How to run DOS games on Windows?
First of all, a "DOS" game is a game that runs on the Microsoft operating system called MSDOS. It's a very old operating system, no longer available. You probably could find a copy MSDOS on eBay, but there's a simple and less expensive (free!) way to go: DOS emulators. There are a few DOS emulators, all of them free, but the most popular is by far DOSbox. Unfortunately, DOSbox does not come with a GUI (graphical user interface). Personally, I use and I strongly recommend to download and install D-Fend Reloaded, a very nice front-end for DOSbox for Windows which already includes DOSbox.
A step by step guide on how to run DOS games on your PC
Here's a complete guide on how to run DOS games on your modern PC with a Windows operating system, using the latest version of D-Fend Reloaded. For games developed specifically for Windows, I wrote a different guide.
1. Install D-Fend Reloaded
Download and install D-Fend Reloaded from the official site: http://dfendreloaded.sourceforge.net/. D-Fend comes with DOSbox, so you don't need to install anything else.
2. Run D-Fend
Run D-Fend Reloaded. You should now see the main D-Fend screen with an empty list of games; only DOSbox is installed and listed.
3. Drag and drop the zip game file into D-Fend
Now drag and drop the zip file you just downloaded from Abandonware DOS into the D-Fend window. D-Fend will automatically launch the Import archive file window. If this doesn't happen, you can start the import from File (menu) > Import > Import archive file. There's a chance that D-Fend will configure the game automatically, if this doesn't happen, go on to step 4.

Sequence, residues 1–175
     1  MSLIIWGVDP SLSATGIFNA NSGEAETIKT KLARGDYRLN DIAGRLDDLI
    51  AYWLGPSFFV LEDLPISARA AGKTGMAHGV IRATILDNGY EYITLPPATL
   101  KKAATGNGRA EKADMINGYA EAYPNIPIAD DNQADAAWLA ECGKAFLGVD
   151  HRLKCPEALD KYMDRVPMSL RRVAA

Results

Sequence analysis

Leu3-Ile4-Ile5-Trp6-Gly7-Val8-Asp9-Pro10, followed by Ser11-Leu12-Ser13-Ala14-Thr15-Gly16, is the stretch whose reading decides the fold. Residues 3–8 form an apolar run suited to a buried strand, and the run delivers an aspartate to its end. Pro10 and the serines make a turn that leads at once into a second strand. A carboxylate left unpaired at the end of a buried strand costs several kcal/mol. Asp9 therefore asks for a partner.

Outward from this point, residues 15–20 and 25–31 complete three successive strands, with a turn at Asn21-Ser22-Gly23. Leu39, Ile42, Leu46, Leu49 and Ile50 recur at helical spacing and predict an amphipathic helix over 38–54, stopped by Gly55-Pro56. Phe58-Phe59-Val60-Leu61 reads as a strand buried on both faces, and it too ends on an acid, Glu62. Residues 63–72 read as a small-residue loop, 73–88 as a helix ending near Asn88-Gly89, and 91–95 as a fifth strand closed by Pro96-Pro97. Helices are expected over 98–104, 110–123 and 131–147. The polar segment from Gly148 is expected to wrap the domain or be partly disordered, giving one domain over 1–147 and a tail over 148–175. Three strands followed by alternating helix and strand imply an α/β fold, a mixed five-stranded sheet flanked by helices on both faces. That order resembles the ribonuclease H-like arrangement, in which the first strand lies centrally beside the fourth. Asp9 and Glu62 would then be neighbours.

If you have a D-Fend Archive Package, D-Fend will be able to import the game without asking for further instructions. I uploaded D-Fend packages for certain games that are notoriously difficult to run for various reasons.
4. Configure the game
If you're NOT importing a D-Fend Package, at the Import archive file window you will be asked for a few details. You can leave Profile name and Subfolder of the game folder to store the game unchanged, but you need to choose a template. You have two options: Auto setup template or User template:
Auto setup template: the auto setup lets you choose a template from a predefined list. If the game you downloaded is in this list, choose it and go on.
User template: if the game is not included in the Auto setup template list, click on User template and choose the template you want to use. They are all pretty self-explanatory; if you're unsure, just select Normal DOS games. For example, if you are installing Alone in the Dark, choose Complex 3D games.
Now it's time to choose the program file and setup file. Both files must be chosen from a list of available ones detected by D-Fend. This is a tricky part and unfortunately there is no absolute way to know which file is the right one. Usually, it's the one named after the game; it could be a shortened version of the title, an acronym, or even a generic runme.bat. Here's a few examples:
- for Titus The Fox, the program file is FOX.COM
- for Last Ninja 2, the correct program file is either NINJA.COM or RUNME.BAT
- for Wing Commander, the program file is WC.EXE
If you choose the wrong file and the game doesn't start, don't worry, you can always come back later to edit the game profile.
The setup file is not really needed and it's not always available but I suggest that you select this as well. It's usually called SETUP.EXE or just SOUND.EXE.
5. Run the game and play!
The game is now ready to be launched! Double click on the name of the game in the D-Fend list and enjoy!